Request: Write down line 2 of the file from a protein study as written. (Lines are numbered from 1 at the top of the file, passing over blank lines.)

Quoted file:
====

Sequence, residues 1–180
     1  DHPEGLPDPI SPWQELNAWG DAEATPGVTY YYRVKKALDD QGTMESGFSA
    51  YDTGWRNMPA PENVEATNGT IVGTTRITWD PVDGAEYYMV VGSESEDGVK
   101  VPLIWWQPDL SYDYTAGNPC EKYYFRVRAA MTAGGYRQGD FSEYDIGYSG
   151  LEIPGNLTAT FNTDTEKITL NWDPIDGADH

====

     1  DHPEGLPDPI SPWQELNAWG DAEATPGVTY YYRVKKALDD QGTMESGFSA